But we can go farther and imagine
an object so massive and compact that if we turn on a laser beam on its
surface gravity's pull will bend it back towards the surface. Think
what this means: since no light can leave this object it will appear
perfectly black, this is a *black hole*.
An object which comes sufficiently close to a black hole
will also disappear into it (since nothing moves faster than light if
an object traps light it will also trap everything else).

The effect of a black holes, like all gravitational effects, decreases
with distance. This means that there will be a ``boundary'' surrounding
the black hole such that anything crossing it will be unable to leave
the region near the black hole; this boundary is called the *
black-hole horizon* see Fig. 7.10
Anything crossing the horizon is permanently trapped. Black holes are
prefect roach motels: once you check in (by crossing the horizon), you
never check out.

The distance from the black hole to the horizon is determined by the
mass of the black hole: the larger the mass the mode distant is the
horizon from the center. For a black hole with the same mass as out sun
the horizon is about 3 km from the center; for black holes with a
billion solar masses (yes there *are* such things)
this is increased to *3×10 ^{9}* km, about
the distance from the sun to Uranus. For very massive black holes the
horizon is so far away from the center that an
observer crossing it might not realize what has just happened, only
later, when all efforts to leave the area prove futile, the dreadful
realization of what happened will set in.

Imagine a brave (dumb?) astronaut who decides to through the horizon and into the nearest black hole and let us follow his observations. The first effects that becomes noticeable as he approaches the event horizon is that his clock ticks slower and slower with respect to the clocks on his spaceship very far from the black hole (see Sect. 7.4) to the point that it will take infinite spaceship time for him to cross the horizon. In contrast it will take a finite amount of astronaut time to cross the horizon, an extreme case of the relativity of time.

As the astronaut approaches the horizon the light he emits will be more and more shifted towards the red (see Sect. 7.4) eventually reaching the infrared, then microwaves, then radio, etc. In order to see him the spaceship will eventually have to detect first infrared light, then radio waves, then microwaves, etc.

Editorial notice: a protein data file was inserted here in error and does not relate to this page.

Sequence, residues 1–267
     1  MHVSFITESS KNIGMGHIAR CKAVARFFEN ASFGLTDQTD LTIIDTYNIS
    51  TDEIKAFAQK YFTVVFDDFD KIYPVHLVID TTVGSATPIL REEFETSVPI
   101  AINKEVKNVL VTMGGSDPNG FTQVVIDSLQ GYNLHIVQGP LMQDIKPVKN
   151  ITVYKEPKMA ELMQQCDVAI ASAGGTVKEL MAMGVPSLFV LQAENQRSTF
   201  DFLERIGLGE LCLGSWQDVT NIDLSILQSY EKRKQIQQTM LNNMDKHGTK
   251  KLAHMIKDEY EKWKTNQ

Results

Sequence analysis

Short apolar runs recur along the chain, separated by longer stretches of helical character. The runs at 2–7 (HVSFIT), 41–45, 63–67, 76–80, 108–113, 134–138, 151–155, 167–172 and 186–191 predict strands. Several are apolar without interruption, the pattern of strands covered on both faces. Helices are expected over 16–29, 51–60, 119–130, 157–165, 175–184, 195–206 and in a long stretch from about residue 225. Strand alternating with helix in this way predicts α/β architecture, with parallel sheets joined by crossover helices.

After crossing the horizon the astronaut stays inside. Even though the crossing of the horizon might not be a traumatic experience the same cannot be said for his ultimate fate. Suppose he decides to fall feet first, then, when sufficiently close to the black hole, the gravitational pull on his feet will be much larger than that on his head and he will be literally ripped to pieces.

So far black holes appear an unfalsifiable conclusion of the General Theory of Relativity: their properties are such that no radiation comes out of them so they cannot be detected from a distance, and if you should decide to go, you cannot come back to tell your pals whether it really was a black hole or whether you died in a freak accident. Doesn't this contradict the basic requirement that a scientific theory be falsifiable (Sect. 1.2.1)?

Well, no, General Theory of Relativity even in this one of its most extreme
predictions *is* falsifiable. The saving circumstance
is provided by the matter surrounding the black hole. All
such stuff is continuously being dragged into the hole
(see Fig. 7.11) and devoured, but in the
process it gets extremely hot and radiates light,
ultraviolet radiation and X rays. Moreover, this cosmic
Maelstrom is so chaotic that the radiation changes
very rapidly, sometimes very intense, sometimes much
weaker, and these changes come very rapidly (see Fig.
7.12). From this changes one can estimate the size
of the object generating the radiation.

On the other hand astronomers can see the gravitational effects on near-by stars of whatever is making the radiation. And from these effects they can estimate the mass of the beast. Knowing then the size, the manner in which matter radiates when it comes near, and the mass one can compare this to the predictions of General Theory of Relativity and decide whether this is a black hole or not. The best candidate for a black hole found in this way is called Cygnus X1 (the first observed X ray source in the constellation Cygnus, the swan).

All the ways we have of detecting black holes depend on the manner
in which they affect the matter surrounding them. The most
striking example is provided by some observation of very
distant X-ray sources which are known to be relatively compact
(galaxy size) and very far away. Then the very fact that we
can see them implies that they are extremely bright objects,
so bright that we know of only one source that can fuel
them: the radiation given off by matter while being swallowed
by a black hole ^{}. So the picture we have of
these objects, generically called active galactic nuclei,
is that of a supermassive (a billion solar masses or so)
black hole assimilating many stars per second, and in disappearing
these stars give off the energy that announces their demise.

All this from the (apparently) innocent principle of equivalence.